A Novel

Author: Ann Claycomb

Publisher: HarperCollins

ISBN: 0062560697

Category: Fiction

Page: 448

View: 7831

A modern-day expansion of Hans Christian Andersen’s The Little Mermaid, this unforgettable debut novel weaves a spellbinding tale of magic and the power of love as a descendent of the original mermaid fights the terrible price of saving herself from a curse that has affected generations of women in her family. Kathleen has always been dramatic. She suffers from the bizarre malady of experiencing stabbing pain in her feet. On her sixteenth birthday, she woke screaming from the sensation that her tongue had been cut out. No doctor can find a medical explanation for her pain, and even the most powerful drugs have proven useless. Only the touch of seawater can ease her pain, and just temporarily at that. Now Kathleen is a twenty-five-year-old opera student in Boston and shows immense promise as a soprano. Her girlfriend Harry, a mezzo in the same program, worries endlessly about Kathleen's phantom pain and obsession with the sea. Kathleen's mother and grandmother both committed suicide as young women, and Harry worries they suffered from the same symptoms. When Kathleen suffers yet another dangerous breakdown, Harry convinces Kathleen to visit her hometown in Ireland to learn more about her family history. In Ireland, they discover that the mystery—and the tragedy—of Kathleen’s family history is far older and stranger than they could have imagined. Kathleen’s fate seems sealed, and the only way out is a terrible choice between a mermaid’s two sirens—the sea, and her lover. But both choices mean death… Haunting and lyrical, The Mermaid’s Daughter asks—how far we will go for those we love? And can the transformative power of music overcome a magic that has prevailed for generations?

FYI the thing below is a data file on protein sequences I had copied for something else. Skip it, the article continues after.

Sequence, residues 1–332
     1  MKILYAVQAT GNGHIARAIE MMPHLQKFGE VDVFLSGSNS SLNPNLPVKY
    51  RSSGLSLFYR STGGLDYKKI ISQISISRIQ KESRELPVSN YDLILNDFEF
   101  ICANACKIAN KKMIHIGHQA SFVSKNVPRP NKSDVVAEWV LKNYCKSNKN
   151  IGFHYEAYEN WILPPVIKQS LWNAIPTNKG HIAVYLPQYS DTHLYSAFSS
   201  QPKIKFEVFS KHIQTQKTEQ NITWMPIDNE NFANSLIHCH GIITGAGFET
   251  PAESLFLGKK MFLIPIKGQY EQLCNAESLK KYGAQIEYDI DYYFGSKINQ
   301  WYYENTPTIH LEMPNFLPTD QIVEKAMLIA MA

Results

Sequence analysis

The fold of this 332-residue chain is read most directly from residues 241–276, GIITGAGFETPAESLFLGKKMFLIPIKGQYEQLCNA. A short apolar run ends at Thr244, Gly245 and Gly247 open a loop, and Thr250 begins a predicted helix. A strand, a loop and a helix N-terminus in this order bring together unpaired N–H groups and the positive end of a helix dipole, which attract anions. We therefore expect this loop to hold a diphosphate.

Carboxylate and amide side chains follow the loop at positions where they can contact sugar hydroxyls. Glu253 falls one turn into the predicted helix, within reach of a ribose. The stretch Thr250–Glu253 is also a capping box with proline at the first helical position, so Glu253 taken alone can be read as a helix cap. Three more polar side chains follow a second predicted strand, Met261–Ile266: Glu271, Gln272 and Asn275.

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Black Coal Miners in America

Race, Class, and Community Conflict, 1780-1980

Author: Ronald L. Lewis

Publisher: University Press of Kentucky

ISBN: 0813150442

Category: History

Page: 264

View: 4659